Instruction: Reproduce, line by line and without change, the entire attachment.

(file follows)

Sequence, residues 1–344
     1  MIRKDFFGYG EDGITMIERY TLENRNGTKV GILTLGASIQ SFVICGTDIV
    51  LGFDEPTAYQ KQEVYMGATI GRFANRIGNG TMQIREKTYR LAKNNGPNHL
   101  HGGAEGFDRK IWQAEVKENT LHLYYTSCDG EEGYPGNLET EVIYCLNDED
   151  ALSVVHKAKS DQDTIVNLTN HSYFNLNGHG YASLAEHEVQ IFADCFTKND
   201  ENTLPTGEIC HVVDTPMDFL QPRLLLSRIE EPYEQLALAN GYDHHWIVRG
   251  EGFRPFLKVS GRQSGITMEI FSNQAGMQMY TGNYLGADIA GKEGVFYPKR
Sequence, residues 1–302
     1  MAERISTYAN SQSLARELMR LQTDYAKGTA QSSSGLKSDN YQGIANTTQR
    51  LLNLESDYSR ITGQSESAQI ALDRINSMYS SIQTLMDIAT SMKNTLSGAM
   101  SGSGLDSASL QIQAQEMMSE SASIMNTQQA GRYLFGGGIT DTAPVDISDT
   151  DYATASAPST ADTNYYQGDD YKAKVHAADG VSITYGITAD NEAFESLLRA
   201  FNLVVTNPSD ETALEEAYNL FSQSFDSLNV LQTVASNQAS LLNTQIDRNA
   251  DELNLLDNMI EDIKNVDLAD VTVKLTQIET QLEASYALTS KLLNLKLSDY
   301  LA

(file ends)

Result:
Sequence, residues 1–344
     1  MIRKDFFGYG EDGITMIERY TLENRNGTKV GILTLGASIQ SFVICGTDIV
    51  LGFDEPTAYQ KQEVYMGATI GRFANRIGNG TMQIREKTYR LAKNNGPNHL
   101  HGGAEGFDRK IWQAEVKENT LHLYYTSCDG EEGYPGNLET EVIYCLNDED
   151  ALSVVHKAKS DQDTIVNLTN HSYFNLNGHG YASLAEHEVQ IFADCFTKND
   201  ENTLPTGEIC HVVDTPMDFL QPRLLLSRIE EPYEQLALAN GYDHHWIVRG
   251  EGFRPFLKVS GRQSGITMEI FSNQAGMQMY TGNYLGADIA GKEGVFYPKR
Sequence, residues 1–302
     1  MAERISTYAN SQSLARELMR LQTDYAKGTA QSSSGLKSDN YQGIANTTQR
    51  LLNLESDYSR ITGQSESAQI ALDRINSMYS SIQTLMDIAT SMKNTLSGAM
   101  SGSGLDSASL QIQAQEMMSE SASIMNTQQA GRYLFGGGIT DTAPVDISDT
   151  DYATASAPST ADTNYYQGDD YKAKVHAADG VSITYGITAD NEAFESLLRA
   201  FNLVVTNPSD ETALEEAYNL FSQSFDSLNV LQTVASNQAS LLNTQIDRNA
   251  DELNLLDNMI EDIKNVDLAD VTVKLTQIET QLEASYALTS KLLNLKLSDY
   301  LA